The iPhone vs Android debate has become markedly less heated over the past few years, in large part because premium Android devices from the likes of Samsung and Google bring a lot to the table. And while Android manufacturers a few years back unabashedly copied every iPhone feature they could, it’s not uncommon these days to see Apple copy some Android features every now and again. Suffice it to say, the difference between an iPhone and a top of the line Android is smaller today than it’s ever been before.
That notwithstanding, there are still some serious advantages that come along with picking an iPhone over an Android, with device security being a glaring example. While Apple isn’t perfect, the control the company wields over the App Store ensures that malware and scamware apps are rarely able to sneak in. In stark contrast, more than 25,000 malware apps were uploaded to the Google Play store in 2019 alone, according to a mobile threat report from RisKIQ. If anything, it seems that we can’t go a single month without some report of the Play store being flooded with a variety of harmful apps.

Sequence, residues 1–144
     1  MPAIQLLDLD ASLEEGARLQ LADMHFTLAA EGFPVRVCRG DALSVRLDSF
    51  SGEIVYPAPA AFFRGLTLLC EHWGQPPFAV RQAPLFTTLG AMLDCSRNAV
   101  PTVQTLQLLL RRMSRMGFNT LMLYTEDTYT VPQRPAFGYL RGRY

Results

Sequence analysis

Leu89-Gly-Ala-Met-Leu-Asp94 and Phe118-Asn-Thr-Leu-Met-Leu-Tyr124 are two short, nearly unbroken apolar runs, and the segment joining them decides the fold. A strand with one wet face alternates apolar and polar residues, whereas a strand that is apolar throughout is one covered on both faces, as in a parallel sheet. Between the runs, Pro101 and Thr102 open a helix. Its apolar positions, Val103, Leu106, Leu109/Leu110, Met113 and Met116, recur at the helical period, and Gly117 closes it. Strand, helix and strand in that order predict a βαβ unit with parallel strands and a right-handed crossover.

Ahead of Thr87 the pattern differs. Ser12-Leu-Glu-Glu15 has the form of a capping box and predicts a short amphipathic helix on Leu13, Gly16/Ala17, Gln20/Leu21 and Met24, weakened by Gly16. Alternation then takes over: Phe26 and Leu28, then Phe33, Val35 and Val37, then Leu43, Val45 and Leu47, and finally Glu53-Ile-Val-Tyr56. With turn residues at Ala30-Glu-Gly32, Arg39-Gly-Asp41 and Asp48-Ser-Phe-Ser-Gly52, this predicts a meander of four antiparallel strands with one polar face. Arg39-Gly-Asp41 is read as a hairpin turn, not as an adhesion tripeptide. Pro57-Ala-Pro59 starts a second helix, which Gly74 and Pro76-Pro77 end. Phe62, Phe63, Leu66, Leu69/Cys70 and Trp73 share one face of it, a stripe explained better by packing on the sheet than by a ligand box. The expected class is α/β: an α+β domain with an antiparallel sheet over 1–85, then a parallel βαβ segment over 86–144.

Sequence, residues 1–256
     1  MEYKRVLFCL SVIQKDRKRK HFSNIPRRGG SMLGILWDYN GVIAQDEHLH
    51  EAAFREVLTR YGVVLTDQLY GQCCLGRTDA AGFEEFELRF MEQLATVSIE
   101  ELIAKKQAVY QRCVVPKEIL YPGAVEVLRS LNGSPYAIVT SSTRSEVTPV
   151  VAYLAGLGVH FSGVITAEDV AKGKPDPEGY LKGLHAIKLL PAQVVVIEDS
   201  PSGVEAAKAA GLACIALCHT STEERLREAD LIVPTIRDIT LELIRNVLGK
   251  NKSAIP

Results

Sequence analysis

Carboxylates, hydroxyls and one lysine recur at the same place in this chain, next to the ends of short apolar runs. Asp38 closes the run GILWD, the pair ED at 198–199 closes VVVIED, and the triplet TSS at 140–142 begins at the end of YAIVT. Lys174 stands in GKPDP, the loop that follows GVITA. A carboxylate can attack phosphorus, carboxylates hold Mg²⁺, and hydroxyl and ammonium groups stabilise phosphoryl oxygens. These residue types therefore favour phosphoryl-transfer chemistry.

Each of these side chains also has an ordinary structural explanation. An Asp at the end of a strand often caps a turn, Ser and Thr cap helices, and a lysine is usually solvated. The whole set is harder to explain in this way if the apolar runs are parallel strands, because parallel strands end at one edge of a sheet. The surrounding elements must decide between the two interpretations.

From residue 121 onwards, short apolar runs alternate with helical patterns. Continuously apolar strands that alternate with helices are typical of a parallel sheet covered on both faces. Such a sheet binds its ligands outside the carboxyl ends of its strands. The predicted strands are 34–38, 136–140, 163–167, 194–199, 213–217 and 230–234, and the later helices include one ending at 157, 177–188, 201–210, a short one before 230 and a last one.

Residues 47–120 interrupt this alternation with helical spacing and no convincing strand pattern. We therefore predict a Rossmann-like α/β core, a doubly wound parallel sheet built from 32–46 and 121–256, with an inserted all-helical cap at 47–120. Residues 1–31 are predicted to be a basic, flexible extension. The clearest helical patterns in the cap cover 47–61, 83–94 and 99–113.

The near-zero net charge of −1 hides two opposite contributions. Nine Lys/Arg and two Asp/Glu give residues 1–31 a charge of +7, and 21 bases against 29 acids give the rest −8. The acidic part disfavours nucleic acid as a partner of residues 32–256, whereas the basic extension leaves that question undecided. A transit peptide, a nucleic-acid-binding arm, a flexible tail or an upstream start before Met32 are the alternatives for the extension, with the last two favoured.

Beyond app store malware, Android users typically don’t receive important security updates in a timely manner. And depending on the handset at issue, some Android users receive security updates a few months later than others.
As NordVPN notes, the openness and ubiquity of Google only exacerbates the problem:
The number of Android devices Google has to serve makes it virtually impossible to keep all of them updated to the same level of security and for the same amount of time and frequency. It also makes it harder to roll those updates out, as they have to be distributed across multiple manufacturers and devices. Updates come out less frequently and devices are supported for less time.
Even more jarring is the fact that some handset manufacturers have been caught skipping and sometimes lying about security updates.
Another simple security risk facing Android users is that most of them are still running antiquated versions of Android. In May of 2019, for example, nearly 25% of Android users were still running Android Lollipop — which was initially released in 2014 — or an even older mobile OS.
That said, even if Android security updates start coming in faster — and Google has made strides in this area — the fact remains that many Android users are still running incredibly old versions of Android. In stark contrast, 77% of iPhone users are currently running iOS 13, Apple’s most recent iOS update. Remarkably, iOS 13 adoption hit the 77% threshold just four months after its initial release.